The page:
Melvis Kwok, Tireless Elvis Impersonator in Hong Kong, Dies at 68
HONG KONG — For nearly three decades, Melvis Kwok spent his evenings dressed as Elvis Presley, playing guitar on the sidewalks of Hong Kong as neon signs reflected off his sequined jumpsuits.
In a banking hub full of office workers, Mr. Kwok, who died last month at 68, was a rare figure: a full-time busker with a rockabilly pompadour. He played through rain and blistering heat, and for years before and after Britain returned the territory to Chinese rule in 1997.
He was hardly the first singer in Asia to imitate Elvis, who died in 1977. But he may have been the most committed.
Mr. Kwok liked to say that he had not missed a day of busking in 28 years. He also impersonated Elvis even when he was not performing, saying that his goal was to bring the American rock ’n’ roll legend back to life.
“I am very satisfied,” he told The New York Times in 2010, at a time when he was clearing about $64 a night in tips. “If I stop, I will collapse.”
Mr. Kwok, whose real name was Kwok Lam-sang, died on Dec. 29 in Hong Kong, said Helen Ma, the president of the local chapter of the International Elvis Presley Fan Club, which reported the death on its Facebook page this week. She said the cause was kidney failure.
Impersonating Elvis is apparently still a thing, and not only in Las Vegas, where a look-alike will walk brides down the aisle at the Graceland Wedding Chapel for $199.
In 2017, for instance, more than 20 impersonators from across the Asia Pacific region turned up in the Philippines for an “Elvis in Asia” contest. The winner won a trip to Graceland, the Presley estate in Memphis, Tenn.
And in Hong Kong, the local Elvis fan club holds regular events and has more than 2,400 Facebook followers. Mr. Kwok was one of two noted Elvis impersonators in the city of 7.5 million.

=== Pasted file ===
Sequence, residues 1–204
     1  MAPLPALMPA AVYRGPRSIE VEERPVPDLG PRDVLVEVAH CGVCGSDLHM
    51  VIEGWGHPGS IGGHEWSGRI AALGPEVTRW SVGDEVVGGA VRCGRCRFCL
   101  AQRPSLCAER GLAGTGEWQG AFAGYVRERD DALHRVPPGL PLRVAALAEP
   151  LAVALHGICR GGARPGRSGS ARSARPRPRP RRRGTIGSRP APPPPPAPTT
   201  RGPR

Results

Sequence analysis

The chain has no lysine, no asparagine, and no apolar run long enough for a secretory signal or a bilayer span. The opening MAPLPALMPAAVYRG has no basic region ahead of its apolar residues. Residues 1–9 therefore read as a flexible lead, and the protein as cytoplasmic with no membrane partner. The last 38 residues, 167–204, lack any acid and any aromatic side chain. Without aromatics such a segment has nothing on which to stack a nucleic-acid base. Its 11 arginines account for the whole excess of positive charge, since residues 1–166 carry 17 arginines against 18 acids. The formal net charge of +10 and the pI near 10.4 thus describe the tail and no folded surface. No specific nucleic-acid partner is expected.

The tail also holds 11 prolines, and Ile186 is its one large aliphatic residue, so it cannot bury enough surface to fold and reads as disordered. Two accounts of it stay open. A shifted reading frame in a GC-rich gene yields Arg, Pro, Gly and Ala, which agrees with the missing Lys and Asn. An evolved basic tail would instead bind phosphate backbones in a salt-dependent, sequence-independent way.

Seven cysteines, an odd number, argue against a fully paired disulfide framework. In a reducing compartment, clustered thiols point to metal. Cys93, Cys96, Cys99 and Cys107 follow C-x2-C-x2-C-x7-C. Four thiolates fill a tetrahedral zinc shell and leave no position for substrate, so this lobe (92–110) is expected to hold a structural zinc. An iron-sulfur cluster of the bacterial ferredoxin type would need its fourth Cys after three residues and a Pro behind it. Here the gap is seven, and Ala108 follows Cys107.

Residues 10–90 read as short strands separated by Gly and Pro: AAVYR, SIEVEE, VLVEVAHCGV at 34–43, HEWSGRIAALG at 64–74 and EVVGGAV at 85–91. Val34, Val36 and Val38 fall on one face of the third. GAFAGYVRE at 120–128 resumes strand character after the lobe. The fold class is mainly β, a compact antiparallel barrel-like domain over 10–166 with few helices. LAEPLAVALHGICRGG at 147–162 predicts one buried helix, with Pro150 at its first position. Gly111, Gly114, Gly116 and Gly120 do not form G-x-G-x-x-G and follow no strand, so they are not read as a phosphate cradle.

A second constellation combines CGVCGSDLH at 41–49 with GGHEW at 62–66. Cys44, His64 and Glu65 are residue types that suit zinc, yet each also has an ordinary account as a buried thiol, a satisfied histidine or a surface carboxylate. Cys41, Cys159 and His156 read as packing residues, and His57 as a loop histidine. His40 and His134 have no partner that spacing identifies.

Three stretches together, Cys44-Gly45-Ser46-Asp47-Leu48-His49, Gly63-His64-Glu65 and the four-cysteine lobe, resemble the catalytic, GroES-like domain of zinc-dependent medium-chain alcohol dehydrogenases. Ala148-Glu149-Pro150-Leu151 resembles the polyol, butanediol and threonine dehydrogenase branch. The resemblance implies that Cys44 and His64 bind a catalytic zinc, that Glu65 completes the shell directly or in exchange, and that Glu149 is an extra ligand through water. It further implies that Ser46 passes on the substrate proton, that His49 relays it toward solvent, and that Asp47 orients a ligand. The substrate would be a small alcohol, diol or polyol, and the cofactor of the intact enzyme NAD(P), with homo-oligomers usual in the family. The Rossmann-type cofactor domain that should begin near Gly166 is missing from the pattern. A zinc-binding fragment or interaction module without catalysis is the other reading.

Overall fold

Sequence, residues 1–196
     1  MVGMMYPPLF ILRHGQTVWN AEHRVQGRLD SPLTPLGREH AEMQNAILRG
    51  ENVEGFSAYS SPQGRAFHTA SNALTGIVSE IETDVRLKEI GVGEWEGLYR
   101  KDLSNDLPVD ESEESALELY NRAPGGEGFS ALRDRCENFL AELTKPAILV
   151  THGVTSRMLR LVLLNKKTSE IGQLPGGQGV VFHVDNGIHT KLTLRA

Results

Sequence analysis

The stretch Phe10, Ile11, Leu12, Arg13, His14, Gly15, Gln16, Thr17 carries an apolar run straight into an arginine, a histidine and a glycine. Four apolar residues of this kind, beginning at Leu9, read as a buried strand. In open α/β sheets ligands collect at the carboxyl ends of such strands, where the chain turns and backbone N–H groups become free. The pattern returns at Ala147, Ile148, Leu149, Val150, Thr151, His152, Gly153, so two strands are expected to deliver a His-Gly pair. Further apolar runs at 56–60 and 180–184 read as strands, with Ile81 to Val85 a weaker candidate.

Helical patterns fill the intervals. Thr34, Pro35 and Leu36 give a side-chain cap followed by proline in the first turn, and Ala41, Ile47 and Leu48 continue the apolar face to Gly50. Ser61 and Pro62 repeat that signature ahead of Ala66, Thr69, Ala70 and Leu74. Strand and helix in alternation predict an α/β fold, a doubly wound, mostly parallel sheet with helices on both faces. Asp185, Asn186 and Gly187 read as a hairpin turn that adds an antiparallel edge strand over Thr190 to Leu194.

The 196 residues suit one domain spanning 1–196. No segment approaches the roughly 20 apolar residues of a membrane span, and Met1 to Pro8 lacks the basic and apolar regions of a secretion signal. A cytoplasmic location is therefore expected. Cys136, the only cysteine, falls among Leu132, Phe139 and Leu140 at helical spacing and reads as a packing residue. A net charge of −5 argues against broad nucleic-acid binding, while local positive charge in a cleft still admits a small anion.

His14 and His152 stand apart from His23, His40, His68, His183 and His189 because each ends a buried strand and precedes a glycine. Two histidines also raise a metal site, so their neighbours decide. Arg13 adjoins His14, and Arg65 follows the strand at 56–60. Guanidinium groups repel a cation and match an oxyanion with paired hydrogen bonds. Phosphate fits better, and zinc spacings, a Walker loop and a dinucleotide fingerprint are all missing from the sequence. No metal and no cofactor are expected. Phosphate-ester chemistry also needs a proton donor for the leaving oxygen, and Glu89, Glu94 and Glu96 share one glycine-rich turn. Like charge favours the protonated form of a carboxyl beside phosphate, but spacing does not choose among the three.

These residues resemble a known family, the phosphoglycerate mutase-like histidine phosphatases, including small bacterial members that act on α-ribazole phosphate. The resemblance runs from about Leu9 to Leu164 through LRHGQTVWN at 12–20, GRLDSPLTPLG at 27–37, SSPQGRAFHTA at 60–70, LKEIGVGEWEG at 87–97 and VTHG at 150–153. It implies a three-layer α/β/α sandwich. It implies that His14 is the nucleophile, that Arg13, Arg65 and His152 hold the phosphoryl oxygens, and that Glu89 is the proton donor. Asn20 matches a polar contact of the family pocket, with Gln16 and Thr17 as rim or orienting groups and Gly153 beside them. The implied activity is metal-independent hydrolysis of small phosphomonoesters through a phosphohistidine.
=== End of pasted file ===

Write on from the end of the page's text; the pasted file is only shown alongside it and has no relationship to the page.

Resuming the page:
“Elvis is my savior,” he told The Times in 2010, speaking in a coffee shop before heading out for his nightly rounds.
Mr. Kwok rarely played inside venues, said Jonathan Zeman of the Lan Kwai Fong Group, a local entertainment and hospitality group. Instead, he would saunter through nightlife districts and approach people who were drinking in the street or in doorways.
“Played an Elvis song for a small group of people, made them happy, received a few dollars,” Mr. Zeman said.
Kwok Lam-sang was born in Jakarta, the Indonesian capital, and was ethnically Chinese, Ms. Ha said. Other details about his life, including his exact date of birth and details about his parents, were not immediately available.
In 1967, a year after Mao Zedong began the Cultural Revolution, Mr. Kwok’s family moved to the southern Chinese province of Guizhou, he said in a recent interview with The South China Morning Post newspaper.
He attended high school on the mainland and moved to Hong Kong in 1974, where he worked in a factory as an electrician. He became interested in Elvis after hearing of the singer’s death and watching a documentary about him.
“I cried a long time,” he told The Times, recalling the first time he saw the film, “Elvis: That’s the Way It Is.”
Mr. Kwok won a pair of Elvis-impersonation contests in the early 1980s, The South China Morning Post reported, but local Chinese fans often mistook him for as an imitator of other famous musicians — a Beatle, say, or Michael Jackson.
By 1992, Mr. Kwok had quit his job and branded himself the “Cat King,” the Chinese moniker for Elvis. He’d also set his sights on an easier quarry: Western expatriates and tourists.
His guitar was sometimes out of tune, his self-taught English a bit rough. (His business card misspelled Presley’s first name.)
Still, he earned a living, and said that being Elvis beat factory work. Some revelers came to know him as Melvis — no relation to Relvis, an impersonator in the United States — or the “Lan Kwai Fong Elvis,” a reference to a nightlife district where he often performed.
Mr. Kwok died at the end of year in which coronavirus infections in live music venues led the government to close them for months on end, emptying the sidewalks of his potential customers. Ms. Ma said that he spent much of his pandemic downtime watching Elvis videos and playing guitar in his apartment.
Mr. Kwok is survived by his wife, Anna, and their two children, a son and a daughter.
His wife, who was also his manager, told The Times in 2010 that she had not initially supported his campaign to be Elvis. “But then I was moved by his persistence and devotion to the job,” she said.
It’s hard to find a job one loves, she added. “Now that he’s found it, I am happy to support him.”
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